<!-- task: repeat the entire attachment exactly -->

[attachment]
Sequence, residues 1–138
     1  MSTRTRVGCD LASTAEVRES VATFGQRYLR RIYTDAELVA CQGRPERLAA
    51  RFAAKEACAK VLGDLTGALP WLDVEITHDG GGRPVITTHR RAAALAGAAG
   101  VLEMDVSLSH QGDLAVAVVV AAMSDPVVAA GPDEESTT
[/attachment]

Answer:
Sequence, residues 1–138
     1  MSTRTRVGCD LASTAEVRES VATFGQRYLR RIYTDAELVA CQGRPERLAA
    51  RFAAKEACAK VLGDLTGALP WLDVEITHDG GGRPVITTHR RAAALAGAAG
   101  VLEMDVSLSH QGDLAVAVVV AAMSDPVVAA GPDEESTT